The key word is “trained”. Slipping, parrying, and rolling punches are very much a learned behavior.
However, drill boxing defense often enough, and they will become instinctive.
How long does it take?
Who knows. It’s different for each person.
But if we take Malcolm Gladwell’s 10,000 hour rule – the amount of time it takes to master a skill on average – and apply it to boxing defense, expect to defend in the region of 10,000 punches before these movements become your natural reaction.
That’s just my estimate, but it’s probably not far from the truth.
By then, you would know what a punch looks like from beginning to end, and developed the skills to deal with it effectively.
Your response would be quick and smooth, giving the appearance of godlike speed to the casual observer who envies how “lucky” you are to be born with such speed.
Boxing Reflex Training Exercises
If you want to improve your boxing reflexes, you need to work on boxing drills.
Dodging tennis balls, chasing reaction balls, and catching falling coins are all gimmicks.
Such techniques will improve your hand-eye coordination and lead to you being more aware of your movements and, therefore, quicker off the mark. But they do not teach you how to react to a punch.
If you want to develop fight reflexes, you need to engage in boxing training that mimics the conditions found inside the ring.
So, what kinda boxing training are we talking about?
You gotta be sparring to improve fight reflexes (image: Flickr / Francis Ty)
Sparring, without a doubt, is the number one most effective boxing drill for improving fight reflexes.
You’ll be trading blows with a variety of opponents, and you’ll get to see the subtleties of a punch developing over and over again – from different body shapes and fighting styles – until you know the signs like the back of your hand.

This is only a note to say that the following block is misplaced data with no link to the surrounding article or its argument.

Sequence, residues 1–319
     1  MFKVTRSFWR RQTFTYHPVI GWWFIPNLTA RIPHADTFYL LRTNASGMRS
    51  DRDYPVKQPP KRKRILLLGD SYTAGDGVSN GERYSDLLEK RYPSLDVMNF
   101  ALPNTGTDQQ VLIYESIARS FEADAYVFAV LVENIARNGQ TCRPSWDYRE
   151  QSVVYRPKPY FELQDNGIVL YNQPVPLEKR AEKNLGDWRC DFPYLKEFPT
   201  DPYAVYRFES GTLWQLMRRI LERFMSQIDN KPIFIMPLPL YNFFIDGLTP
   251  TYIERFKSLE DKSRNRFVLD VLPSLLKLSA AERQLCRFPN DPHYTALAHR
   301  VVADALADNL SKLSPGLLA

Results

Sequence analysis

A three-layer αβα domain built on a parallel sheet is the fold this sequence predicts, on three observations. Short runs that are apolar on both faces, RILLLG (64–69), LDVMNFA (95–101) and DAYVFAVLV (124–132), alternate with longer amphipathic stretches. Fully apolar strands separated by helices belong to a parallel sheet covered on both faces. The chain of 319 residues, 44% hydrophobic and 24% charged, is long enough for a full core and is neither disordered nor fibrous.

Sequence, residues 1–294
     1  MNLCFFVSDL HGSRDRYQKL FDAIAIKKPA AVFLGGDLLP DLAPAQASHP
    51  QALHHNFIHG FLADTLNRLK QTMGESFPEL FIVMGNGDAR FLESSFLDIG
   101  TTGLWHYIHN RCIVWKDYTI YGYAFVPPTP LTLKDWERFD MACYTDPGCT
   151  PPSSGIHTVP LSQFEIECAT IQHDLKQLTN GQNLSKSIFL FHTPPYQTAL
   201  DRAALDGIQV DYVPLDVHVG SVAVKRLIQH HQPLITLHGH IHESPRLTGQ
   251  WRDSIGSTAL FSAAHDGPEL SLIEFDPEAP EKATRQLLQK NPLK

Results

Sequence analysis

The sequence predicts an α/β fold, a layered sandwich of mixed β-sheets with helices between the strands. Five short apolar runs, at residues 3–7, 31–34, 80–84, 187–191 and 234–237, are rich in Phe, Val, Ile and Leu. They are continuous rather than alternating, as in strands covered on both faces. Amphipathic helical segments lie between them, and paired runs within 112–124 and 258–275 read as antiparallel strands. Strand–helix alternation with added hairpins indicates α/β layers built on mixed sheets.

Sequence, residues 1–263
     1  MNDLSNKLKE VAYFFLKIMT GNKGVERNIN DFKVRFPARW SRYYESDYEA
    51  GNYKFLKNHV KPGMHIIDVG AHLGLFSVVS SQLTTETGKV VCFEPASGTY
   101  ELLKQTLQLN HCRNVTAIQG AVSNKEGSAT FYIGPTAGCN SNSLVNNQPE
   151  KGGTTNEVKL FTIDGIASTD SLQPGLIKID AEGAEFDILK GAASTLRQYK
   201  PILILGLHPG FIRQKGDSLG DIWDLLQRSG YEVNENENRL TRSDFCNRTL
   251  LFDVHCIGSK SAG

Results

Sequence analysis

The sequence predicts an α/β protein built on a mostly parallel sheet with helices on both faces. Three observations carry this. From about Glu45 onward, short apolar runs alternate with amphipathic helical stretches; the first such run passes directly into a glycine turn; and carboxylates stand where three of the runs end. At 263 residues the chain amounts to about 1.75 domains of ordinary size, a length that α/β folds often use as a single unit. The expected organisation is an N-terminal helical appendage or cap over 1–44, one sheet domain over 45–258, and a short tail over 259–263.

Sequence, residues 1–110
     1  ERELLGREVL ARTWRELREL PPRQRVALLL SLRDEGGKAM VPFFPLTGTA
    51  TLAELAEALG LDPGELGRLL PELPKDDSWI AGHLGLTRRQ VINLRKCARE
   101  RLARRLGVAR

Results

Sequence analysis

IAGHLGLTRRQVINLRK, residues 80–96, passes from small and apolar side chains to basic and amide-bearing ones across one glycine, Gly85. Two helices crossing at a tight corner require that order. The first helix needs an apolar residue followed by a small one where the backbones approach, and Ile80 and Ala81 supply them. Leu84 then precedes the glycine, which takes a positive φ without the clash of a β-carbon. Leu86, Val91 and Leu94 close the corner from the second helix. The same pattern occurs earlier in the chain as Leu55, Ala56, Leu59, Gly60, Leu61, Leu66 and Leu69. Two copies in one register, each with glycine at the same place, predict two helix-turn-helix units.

But sparring can be off-putting for beginners. It’s at a frantic pace, and if you don’t already have trained reflexes ingrained into you, it’s easy to resort to defensive flinches.
Slow sparring. Many boxers skip right past slow sparring as they think it’s for total newbs or a waste of time, yet they are missing out on building up that readability of their opponent.
Learning how to perceive and preempt punches at a slow speed allows you to practice defensive maneuvers with a live opponent but in a controlled environment.
You have no fear of getting hit, as it doesn’t hurt to get hit when you’re slow sparring, which allows you to test various defense tactics.
As you start to recognize the tiny movements and early giveaways behind a punch, you’ll instinctively perform a defense that feels right to you.
Start increasing the speed gradually, and before long, you’ll be able to perform the same techniques at full speed.
If you’ve not got a buddy who’ll go a round with you, getting someone to hold the mitts is the next best thing.
Pad work will develop many aspects of your boxing skillset; technique, coordination, balance, timing, accuracy, range, and positioning, all stand to be improved.